Take A Deep Breath (Don’t!)

by Karan Bhagat

Dr Sarath Guttikunda

Top Anti-Pollution Figure in New Delhi Relocates to Goa

And speaks here to Goa Streets

 

According to the Global Burden of Disease Study, viagra 100mg about one-sixth of all deaths in India can be attributed to outdoor and indoor air pollution. The truth is our country is home to the world’s least breathable air.

Dr Sarath Guttikunda is a Director at Urban Emissions, order an independent research group which studies the subject. His work made him one of the leading anti-pollution figures in the Indian capital. Two years ago, Dr. Guttikunda moved from Delhi to Goa – in part due to concerns about the effect of Delhi’s air on his two young children.

As he explains in the following interview, we have a lot to worry about when it comes to the air we breathe.

KB: What are the main areas of focus for Urban Emissions?

SG: Urban Emissions is an independent research group, which focuses purely on air pollution.

We believe in providing information with a view to empowering other research groups, ministries, civic bodies and indeed the general public so that they can demand and work towards clean air.

Behind the scenes our work can be quite technical but we try to ensure that what goes out is accessible. The technical work is needed to ensure that our conclusions can be defended.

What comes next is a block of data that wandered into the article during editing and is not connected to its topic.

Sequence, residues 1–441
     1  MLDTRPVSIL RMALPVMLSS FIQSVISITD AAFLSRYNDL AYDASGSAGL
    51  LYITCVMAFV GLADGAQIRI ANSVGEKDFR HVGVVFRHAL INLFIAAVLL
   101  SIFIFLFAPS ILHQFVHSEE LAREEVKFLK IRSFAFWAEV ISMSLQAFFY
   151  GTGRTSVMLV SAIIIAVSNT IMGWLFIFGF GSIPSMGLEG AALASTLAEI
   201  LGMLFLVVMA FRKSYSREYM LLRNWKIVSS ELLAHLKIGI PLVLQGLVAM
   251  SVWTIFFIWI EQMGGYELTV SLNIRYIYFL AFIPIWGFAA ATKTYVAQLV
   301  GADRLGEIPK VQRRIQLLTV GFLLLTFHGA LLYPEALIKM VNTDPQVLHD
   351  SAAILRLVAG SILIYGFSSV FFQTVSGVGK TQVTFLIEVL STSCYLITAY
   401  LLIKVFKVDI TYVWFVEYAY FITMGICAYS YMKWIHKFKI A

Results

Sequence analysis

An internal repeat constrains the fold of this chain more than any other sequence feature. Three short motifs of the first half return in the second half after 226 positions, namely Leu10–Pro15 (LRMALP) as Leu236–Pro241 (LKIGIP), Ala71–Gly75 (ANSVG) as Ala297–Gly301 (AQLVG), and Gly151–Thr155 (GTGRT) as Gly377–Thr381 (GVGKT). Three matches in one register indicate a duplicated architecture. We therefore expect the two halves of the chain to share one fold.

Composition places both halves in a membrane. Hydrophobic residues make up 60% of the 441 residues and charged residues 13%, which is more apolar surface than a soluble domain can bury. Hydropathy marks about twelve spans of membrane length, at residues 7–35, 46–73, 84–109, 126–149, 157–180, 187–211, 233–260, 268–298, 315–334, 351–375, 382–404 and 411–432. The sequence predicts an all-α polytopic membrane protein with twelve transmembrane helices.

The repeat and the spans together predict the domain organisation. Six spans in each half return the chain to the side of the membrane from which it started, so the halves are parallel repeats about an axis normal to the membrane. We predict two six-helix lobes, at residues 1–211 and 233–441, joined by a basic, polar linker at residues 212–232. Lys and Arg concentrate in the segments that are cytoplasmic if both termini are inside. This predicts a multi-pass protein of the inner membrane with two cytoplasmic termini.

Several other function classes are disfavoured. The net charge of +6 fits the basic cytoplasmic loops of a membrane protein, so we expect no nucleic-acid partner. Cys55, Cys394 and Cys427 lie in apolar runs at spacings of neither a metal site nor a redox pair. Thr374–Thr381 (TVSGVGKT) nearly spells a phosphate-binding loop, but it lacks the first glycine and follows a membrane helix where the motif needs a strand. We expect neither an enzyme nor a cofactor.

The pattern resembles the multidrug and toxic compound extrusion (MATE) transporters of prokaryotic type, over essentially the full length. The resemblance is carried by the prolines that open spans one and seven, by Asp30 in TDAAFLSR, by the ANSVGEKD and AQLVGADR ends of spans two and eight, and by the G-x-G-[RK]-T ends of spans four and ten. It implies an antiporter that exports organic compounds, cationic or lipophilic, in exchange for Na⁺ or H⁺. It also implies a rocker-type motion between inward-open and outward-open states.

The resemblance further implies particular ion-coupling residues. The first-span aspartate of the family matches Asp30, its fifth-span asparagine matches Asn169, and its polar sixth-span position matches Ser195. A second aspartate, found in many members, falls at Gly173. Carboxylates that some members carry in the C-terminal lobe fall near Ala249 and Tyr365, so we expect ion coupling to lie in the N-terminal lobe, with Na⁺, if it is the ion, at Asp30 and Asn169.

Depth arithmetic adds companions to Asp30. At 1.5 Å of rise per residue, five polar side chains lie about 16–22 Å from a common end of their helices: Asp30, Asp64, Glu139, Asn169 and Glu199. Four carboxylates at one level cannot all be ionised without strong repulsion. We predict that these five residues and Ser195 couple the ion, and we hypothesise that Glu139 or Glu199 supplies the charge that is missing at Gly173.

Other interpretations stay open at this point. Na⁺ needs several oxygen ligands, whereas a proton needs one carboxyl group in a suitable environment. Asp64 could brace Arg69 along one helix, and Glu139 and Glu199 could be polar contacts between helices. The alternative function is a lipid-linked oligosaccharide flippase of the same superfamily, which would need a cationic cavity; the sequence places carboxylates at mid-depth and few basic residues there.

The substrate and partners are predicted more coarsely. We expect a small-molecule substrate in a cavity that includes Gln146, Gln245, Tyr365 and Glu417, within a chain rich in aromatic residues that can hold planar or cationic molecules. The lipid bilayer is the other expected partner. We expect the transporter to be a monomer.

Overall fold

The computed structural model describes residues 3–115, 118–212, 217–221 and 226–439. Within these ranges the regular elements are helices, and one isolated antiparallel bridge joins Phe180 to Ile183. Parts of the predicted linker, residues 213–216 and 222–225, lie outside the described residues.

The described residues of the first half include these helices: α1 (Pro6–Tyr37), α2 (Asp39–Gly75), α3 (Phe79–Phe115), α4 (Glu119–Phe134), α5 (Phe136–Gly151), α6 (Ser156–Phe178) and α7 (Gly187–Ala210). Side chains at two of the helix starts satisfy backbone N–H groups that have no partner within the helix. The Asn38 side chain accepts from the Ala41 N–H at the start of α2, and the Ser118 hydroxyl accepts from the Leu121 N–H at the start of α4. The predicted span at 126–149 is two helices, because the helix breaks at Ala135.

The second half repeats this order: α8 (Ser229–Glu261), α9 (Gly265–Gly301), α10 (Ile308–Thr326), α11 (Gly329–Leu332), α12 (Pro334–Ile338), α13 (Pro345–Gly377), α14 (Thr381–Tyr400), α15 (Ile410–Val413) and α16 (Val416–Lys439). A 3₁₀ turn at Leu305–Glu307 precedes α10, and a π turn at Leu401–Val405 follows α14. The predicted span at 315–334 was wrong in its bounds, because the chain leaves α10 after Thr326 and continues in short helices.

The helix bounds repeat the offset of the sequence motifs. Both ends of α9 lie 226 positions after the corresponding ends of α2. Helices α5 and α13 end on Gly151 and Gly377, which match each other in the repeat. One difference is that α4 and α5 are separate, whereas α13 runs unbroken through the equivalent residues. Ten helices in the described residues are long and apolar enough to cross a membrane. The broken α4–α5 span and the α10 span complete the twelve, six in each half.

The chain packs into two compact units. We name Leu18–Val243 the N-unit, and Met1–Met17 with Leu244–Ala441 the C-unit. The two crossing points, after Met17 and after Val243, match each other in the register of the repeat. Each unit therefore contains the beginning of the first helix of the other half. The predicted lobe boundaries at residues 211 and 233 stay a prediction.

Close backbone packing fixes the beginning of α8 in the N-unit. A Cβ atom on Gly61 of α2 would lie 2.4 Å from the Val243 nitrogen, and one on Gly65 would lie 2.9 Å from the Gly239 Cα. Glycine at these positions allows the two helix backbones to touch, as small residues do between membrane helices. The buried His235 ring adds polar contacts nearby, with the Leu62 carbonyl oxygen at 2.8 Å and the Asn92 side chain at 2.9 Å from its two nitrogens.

KB: How bad is air pollution in Indian cities today?

SG: It is really very bad.

KB: Would India rank in the top quartile of countries with the worst urban air pollution?

SG: Certainly.

KB: Which other countries have big air pollution problems?

SG: China; Brazil – Sao Paulo and Rio; Nepal – Kathmandu; Bangladesh – Dhaka; and Pakistan – Karachi, among others. Many Western countries too have problems, but they are of a different nature. Having outsourced a lot of their manufacturing to developing countries, one of their big problems now is ozone pollution caused by a high density of motor vehicles.

KB: Which are the most polluted cities in India today?

SG: Delhi (which averages 150 units of ‘Particulate Matter’ – one of the key measures of air pollution – over a calendar year, against a WHO ‘safe’ guideline of 15 units) is the city that is always talked about, but we may have many other cities that are as bad or worse. The problem is that we don’t get accurate numbers for many Indian cities. For example, Patna – which has a lot of brick kilns burning anything from cow dung to rubber tyres – has readings that appear higher than Delhi, but it has only one monitoring station. So the data is not reliable.

Other heavily polluted cities are Ludhiana, Bangalore, Hyderabad, Indore and Bhopal.

Throbgoblins - Waiting to Exhale - Marc Roberts copy

KB: How does Goa rank?

SG: It ranks well by Indian standards. Being a coastal place is helpful. A lot of pollution gets thrown out to the sea. Incidentally, the main sources of pollution in a place like Goa – say in the Panjim/Porvorim area – are very different from Delhi. Vehicular pollution is a big contributor there. Here it is waste-burning. We don’t have a good waste management system. As a result a huge amount of waste is burned. You can see this all along the NH-17. Even at the landfill in Assagaon they are burning garbage pretty much 24×7.